How to repair a broken headstock

There’s never a good time for a headstock to break, and it can be surprising just how little impact it can take for it to happen. 

The headstock is a weak point on many guitars, particularly ones made from mahogany, and every Gibson owner will be privy to the dangers! But why?

The headstock’s weakness can be due to a variety of factors: a change in the direction of the timber grain, weakening due to the truss rod access hole, heavy tuners and the fact that mahogany is not that dense can all be to blame.

Compared with a maple Fender Strat neck, we have a denser timber, a no-grain direction change and only that small sculpting behind the nut.

Here’s the good news, though: if it’s the first break and no one else has ‘had a go’ at it before, your guitar can bounce back to full health. Getting its looks back is always challenging, so this guide covers the ‘honest repair’ method.

A word of caution before you begin: absolutely use wood glue only - not No More Nails, epoxy or Super Glue. Nope. You have timber, so use wood glue. Our favourite for all applications is Titebond Original Wood Glue.

Right, let’s get to work…

What you need

  • Titebond Original Wood Glue 
  • G clamps 
  • F clamps 
  • Brown parcel tape 
  • Clamping cauls - scrap timber to suit the guitar’s shape 
  • Tweezers 
  • Damp rags/ blue roll 
  • Water mister 
  • A guitar pick 
  • PH1 screwdriver 
  • 10mm spanner

Step 1

Let’s get started - we’ve got nothing to lose! First, let’s strip off the tuners and old strings; they’ll just get in the way. Also, the tuners’ weight can skew the glue job as it’s drying.

Stash all the parts so they don’t get lost, and if the nut will come off easily then take that off, too.

Step 2

In our case, the guitar headstock was hanging on by a few fibres only! This meant that we’ve finished the break off to get a clean look at it. Each break will be different, of course, but when we tried to close up the gap, the headstock face split apart - nasty. Let’s have a look at the surfaces and get prepping.

Step 3

We’ll need to get the two pieces fitting together as perfectly as possible with no air gap in-between the two rough edges. These splinters are going to get in the way, so we’ll pull them away with tweezers. Look out for splinters and deformed pieces of timber that will stop this two-piece puzzle going together correctly.

Step 4

This was useful to us in this repair job: a wooden block shaped to the headstock tip and then faced in rubber. This allowed us to knock the headstock with a hammer to test-fit the parts together! Be aware that your break might not require a large amount of force, though.

Step 5

Our dry run is working out great - this is a no-glue test run. Running your fingertips over the join means you can inspect how well it’s fitted. Be aware that you may have to settle for not-quite-perfect. We have a 0.1mm lip on the edge of the lacquer to deal with, but that’s fine.

Step 6

Still in the testing and prepping phase, let’s get our clamps and cauls organised. We’ll be using two G clamps; they offer more than enough pressure for this job.

The clamping cauls we’re using are nice and thick and faced in brown parcel tape - no glue will stick to those. Check they’re the right size and they will work nicely for you.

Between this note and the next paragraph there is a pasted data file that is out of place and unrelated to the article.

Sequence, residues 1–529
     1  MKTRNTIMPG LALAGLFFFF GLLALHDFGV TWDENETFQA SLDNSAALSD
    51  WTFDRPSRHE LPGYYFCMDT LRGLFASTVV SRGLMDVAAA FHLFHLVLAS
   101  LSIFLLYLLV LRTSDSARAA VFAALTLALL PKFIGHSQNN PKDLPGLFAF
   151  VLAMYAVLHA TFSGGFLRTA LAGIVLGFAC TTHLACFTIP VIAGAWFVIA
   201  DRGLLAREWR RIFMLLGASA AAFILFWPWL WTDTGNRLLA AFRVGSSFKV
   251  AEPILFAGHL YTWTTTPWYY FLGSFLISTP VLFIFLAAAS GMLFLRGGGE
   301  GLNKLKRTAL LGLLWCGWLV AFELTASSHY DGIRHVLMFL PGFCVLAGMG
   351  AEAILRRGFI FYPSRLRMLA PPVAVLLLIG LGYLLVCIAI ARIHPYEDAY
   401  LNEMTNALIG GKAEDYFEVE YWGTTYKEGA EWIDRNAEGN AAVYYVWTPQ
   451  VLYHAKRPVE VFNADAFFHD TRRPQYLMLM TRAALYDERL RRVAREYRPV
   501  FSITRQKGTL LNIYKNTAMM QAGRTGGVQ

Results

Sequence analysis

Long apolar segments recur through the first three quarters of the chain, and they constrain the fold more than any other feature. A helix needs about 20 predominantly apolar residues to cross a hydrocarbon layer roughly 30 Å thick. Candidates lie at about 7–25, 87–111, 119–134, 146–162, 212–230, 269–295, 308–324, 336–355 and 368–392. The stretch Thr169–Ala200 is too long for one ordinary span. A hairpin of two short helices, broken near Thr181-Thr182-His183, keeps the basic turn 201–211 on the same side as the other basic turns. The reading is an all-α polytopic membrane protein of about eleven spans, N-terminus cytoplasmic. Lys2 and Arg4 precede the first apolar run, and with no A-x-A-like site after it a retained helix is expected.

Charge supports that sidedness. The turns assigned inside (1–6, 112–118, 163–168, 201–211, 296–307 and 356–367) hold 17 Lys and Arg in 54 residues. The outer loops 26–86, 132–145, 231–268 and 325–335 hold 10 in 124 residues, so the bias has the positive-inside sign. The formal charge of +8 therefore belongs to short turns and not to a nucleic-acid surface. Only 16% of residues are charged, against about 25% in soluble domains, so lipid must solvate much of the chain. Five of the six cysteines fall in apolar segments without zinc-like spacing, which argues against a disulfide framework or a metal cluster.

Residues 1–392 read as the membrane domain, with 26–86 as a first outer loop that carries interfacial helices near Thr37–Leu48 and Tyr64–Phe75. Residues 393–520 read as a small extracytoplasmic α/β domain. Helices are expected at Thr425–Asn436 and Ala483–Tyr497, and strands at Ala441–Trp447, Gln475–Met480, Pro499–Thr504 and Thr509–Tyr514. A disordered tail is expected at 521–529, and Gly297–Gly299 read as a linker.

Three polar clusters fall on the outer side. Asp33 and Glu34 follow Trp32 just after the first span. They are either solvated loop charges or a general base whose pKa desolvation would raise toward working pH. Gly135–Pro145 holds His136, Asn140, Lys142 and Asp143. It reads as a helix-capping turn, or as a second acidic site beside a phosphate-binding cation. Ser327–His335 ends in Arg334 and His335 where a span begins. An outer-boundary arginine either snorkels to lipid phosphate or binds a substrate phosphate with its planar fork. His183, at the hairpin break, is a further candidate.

Step 7

The next stage will involve a small amount of panic and probably swearing, so let’s try and get ourselves ready!

Cauls prepped, clamps selected, damp blue roll pre-squirted for clean up - keep the mister handy. Our weapon of choice is proper wood glue, Titebond Original. Use your finger to apply glue to the two surfaces.

Step 8

As we’ve prepped everything like crazy, the two parts will go back together just like in the dry run.

What you want is a nice fit with plenty of squeeze out glue - this proves that the joints are fully covered and excess glue has been expelled. Wipe away the worst of the squeeze out and check that the edge of the joints is in place.

Step 9

Bear in mind that you’re against the clock, so work quickly. Cleaning up the joint from extra glue helps get a look at it but you must avoid getting too much water into the glue joint - that will swell the open timber. It’s really important that the edges feel good - that’s where they’ll stay, after all.

Step 10

Clamp ahoy. Get those cauls in place and clamp up. Check that the pressure has not made the joint slip and, of course, we’ll get more squeeze out hopefully - that’s a good thing.

Don’t go mad with pressure as you can dent the timber. Clamping hard doesn’t mean it will be a better joint.

Step 11

Clean up excess glue with more damp rags; a little left on isn’t hard to get rid of. Store the guitar somewhere out of harm’s way and make sure that the clamps’ weight isn’t going to become a problem; they can tip your guitar over or worse pull the joint into a funny angle. Leave it a full 48 hours just to be sure before removing the clamps.

Step 12

With the clamps off you can do a clean up now. Flakes of Titebond won’t really stick to lacquer so they can be persuaded off with something dull - a guitar pick is perfect. Too stubborn? Try a light misting of water to re-moisten the wood glue then it should come off a treat.

Jack Ellis

Jack runs an independent guitar setup and guitar repair service in Manchester, England. He serves the musicians of the Northwest of England, working on electric guitars, bass guitars, acoustic guitars and more. Jack has been writing the Fix Your Guitar column in Total Guitar Magazine since 2017.